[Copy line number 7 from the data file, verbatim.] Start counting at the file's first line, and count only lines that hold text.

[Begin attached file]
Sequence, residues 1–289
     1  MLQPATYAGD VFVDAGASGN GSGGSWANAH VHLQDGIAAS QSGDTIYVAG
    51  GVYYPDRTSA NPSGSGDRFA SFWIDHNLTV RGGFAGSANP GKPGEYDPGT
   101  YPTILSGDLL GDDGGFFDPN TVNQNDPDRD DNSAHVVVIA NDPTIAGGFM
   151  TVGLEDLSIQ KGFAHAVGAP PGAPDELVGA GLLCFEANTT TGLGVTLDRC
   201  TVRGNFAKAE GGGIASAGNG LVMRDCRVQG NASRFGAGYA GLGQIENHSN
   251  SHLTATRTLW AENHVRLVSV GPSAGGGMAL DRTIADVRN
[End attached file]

   251  SHLTATRTLW AENHVRLVSV GPSAGGGMAL DRTIADVRN